After sales slumped, the 2099 titles were canceled and replaced by 2099: World of Tomorrow, a single title featuring the surviving characters from all the titles. The series lasted only eight issues before being canceled.
The 2099 line was concluded with a one-shot, 2099: Manifest Destiny (March 1998), in which Captain America was found in suspended animation and, with Miguel O'Hara, assembled various 2099 heroes into a new team of Avengers. The story summarized the years from 2099 to 3099, with humanity transforming the corporate world of 2099 into a utopia and then expanding into space.
The 2099 world has been seen occasionally since, most notably in Peter David's "Future Tense" storyline in Captain Marvel, which revisited both Spider-Man 2099 and the alternate future of the Maestro that David created in The Incredible Hulk: Future Imperfect, explaining a plot point which had been left dangling since David had abruptly left Spider-Man 2099.
In 2004, writer Robert Kirkman wrote a series of one-shot comics for the fifth anniversary of the Marvel Knights imprint, under the heading Marvel Knights 2099. The future portrayed in this series is unconnected to the original 2099 Universe, which included a different Punisher 2099.
In 2006, the Exiles visited the Marvel Universe 2099 in Exiles #75-76 as part of the "World Tour" arc. This future had split apart from the mainstream 2099 fairly early, as Doom 2099 had not yet met Spider-Man 2099. Spider-Man 2099 joined the Exiles and left with them.
In 2005, the Official Handbook of the Marvel Universe one-shot, involving alternate universes, designated the Earth of 2099 as Earth-928, with Marvel Knights 2099 designated as Earth-2992. A cover of a second printing from the Spider-Man crossover The Other: Evolve or Die features the Miguel O'Hara Spider-Man.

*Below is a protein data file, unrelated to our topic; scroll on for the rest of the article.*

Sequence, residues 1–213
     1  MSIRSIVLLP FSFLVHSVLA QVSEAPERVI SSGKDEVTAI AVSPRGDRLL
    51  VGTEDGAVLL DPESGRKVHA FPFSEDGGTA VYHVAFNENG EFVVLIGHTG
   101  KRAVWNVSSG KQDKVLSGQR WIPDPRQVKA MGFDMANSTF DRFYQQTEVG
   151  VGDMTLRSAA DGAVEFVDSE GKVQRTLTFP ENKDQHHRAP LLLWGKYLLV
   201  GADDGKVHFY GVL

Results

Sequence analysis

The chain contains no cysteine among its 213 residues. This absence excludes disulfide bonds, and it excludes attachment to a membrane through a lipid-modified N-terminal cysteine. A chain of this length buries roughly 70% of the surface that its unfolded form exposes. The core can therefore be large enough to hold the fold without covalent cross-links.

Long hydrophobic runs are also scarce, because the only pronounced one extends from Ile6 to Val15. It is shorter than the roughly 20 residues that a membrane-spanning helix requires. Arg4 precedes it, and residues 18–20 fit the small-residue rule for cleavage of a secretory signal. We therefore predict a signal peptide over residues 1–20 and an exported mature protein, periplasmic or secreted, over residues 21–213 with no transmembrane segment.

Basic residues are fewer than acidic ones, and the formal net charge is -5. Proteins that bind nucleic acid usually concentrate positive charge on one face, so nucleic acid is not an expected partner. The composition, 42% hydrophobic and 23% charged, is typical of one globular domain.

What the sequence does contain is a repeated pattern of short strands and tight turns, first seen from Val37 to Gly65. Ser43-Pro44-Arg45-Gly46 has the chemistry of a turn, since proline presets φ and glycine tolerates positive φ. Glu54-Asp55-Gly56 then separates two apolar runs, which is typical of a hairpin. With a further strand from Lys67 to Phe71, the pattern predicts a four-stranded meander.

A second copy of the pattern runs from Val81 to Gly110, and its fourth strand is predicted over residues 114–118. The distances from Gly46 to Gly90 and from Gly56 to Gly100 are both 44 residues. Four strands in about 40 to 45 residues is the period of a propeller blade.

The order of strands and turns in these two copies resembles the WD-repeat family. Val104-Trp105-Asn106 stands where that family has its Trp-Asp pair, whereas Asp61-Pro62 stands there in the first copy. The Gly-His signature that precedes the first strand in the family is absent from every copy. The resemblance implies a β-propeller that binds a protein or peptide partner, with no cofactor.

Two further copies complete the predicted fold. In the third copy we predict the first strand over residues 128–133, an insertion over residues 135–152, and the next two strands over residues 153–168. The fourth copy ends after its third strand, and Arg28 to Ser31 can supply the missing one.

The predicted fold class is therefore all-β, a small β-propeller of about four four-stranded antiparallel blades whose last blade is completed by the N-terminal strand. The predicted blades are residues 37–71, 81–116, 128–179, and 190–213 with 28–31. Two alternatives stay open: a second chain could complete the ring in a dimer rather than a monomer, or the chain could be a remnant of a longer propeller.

In 2009 Marvel produced a miniseries event, "Timestorm," crossing the current Marvel Universe with yet another alternate reality version of 2099. The Spider-Man 2099 of this reality is a teenager.
In 2013 Spider-Man 2099 became trapped in the current Marvel Universe in the "Superior Spider-Man."
In 2014 he would receive a new ongoing series and become involved in the "Spider-Verse" event, along with numerous other alternate reality Spider-Men. Notably the Spider-Men 2099s of the "Exiles" and "Timestorm" series are killed during this event.
In 2015 after "Spider-Verse" ends with most of 2099 timeline a bit changed, this universe will also be involved in Secret Wars (2015), as Marvel will have a large scale reboot around a Multiverse, such as Spider-Man 2099's new design.
In 2016, Deadpool's ongoing series will feature an issue debuting a version of the character from the 2099 universe.
The world of 2099 is a cyberpunk dystopia (similar to the world of Blade Runner). North America is a corporate police state ruled by a few huge megacorporations, most notably Alchemax, which owns the private police force the Public Eye (which primarily punishes criminals' bank accounts). There were, prior to the launch of the comics, no active superheroes in this world, and the previous heroes are mythologized through religion, as with the Church of Thor. The present-day Marvel continuity is referred to as an "Age of Heroes" that abruptly ended in a catastrophe a century before that also set back society (this catastrophe was averted in the present when Miguel O'Hara- Spider-Man 2099- temporarily swapped places with his past self shortly before the cataclysm, turning Miguel's world into an alternate future of the Marvel Universe rather than the future).
In the 2099 Universe, the monetary currency system uses implants commonly known as cards, which are credit ID implants. There are aluminum cards, gold cards, and platinum cards. Another type of card are black cards, which give the owner unlimited funds and law immunity. There is also a status known as decred, which denies access to many public places, such as hospitals, hypermarkets, and shopping malls.
- Doom (Victor Von Doom)
- Ghost Rider (Kenshiro "Zero" Cochrane)
- Hulk (John Eisenhart)
- Punisher (Jake Gallows)
- Ravage (Paul-Phillip Ravage)
- Spider-Man (Miguel O'Hara)
- Bloodhawk (Lemuel Krugg)
- Cerebra (Shakti Haddad)
- Junkpile (very brief membership)
- Krystalin (Krystalin Porter Ogada)
- La Lunatica
- Meanstreak (Henri Huang)
- Metalhead (Eddie Van Beethoven-Osako)
- Serpentina (Kimberly Potter)
- Skullfire (Timothy Sean Michael Fitzgerald)
- Xi'an Chi Xan
- Cerebra (Shakti Haddad)
- Clarion (Hayes Isaacs)
- December (December Frost)
Fantastic Four 2099
- Human Torch (double of Johnny Storm)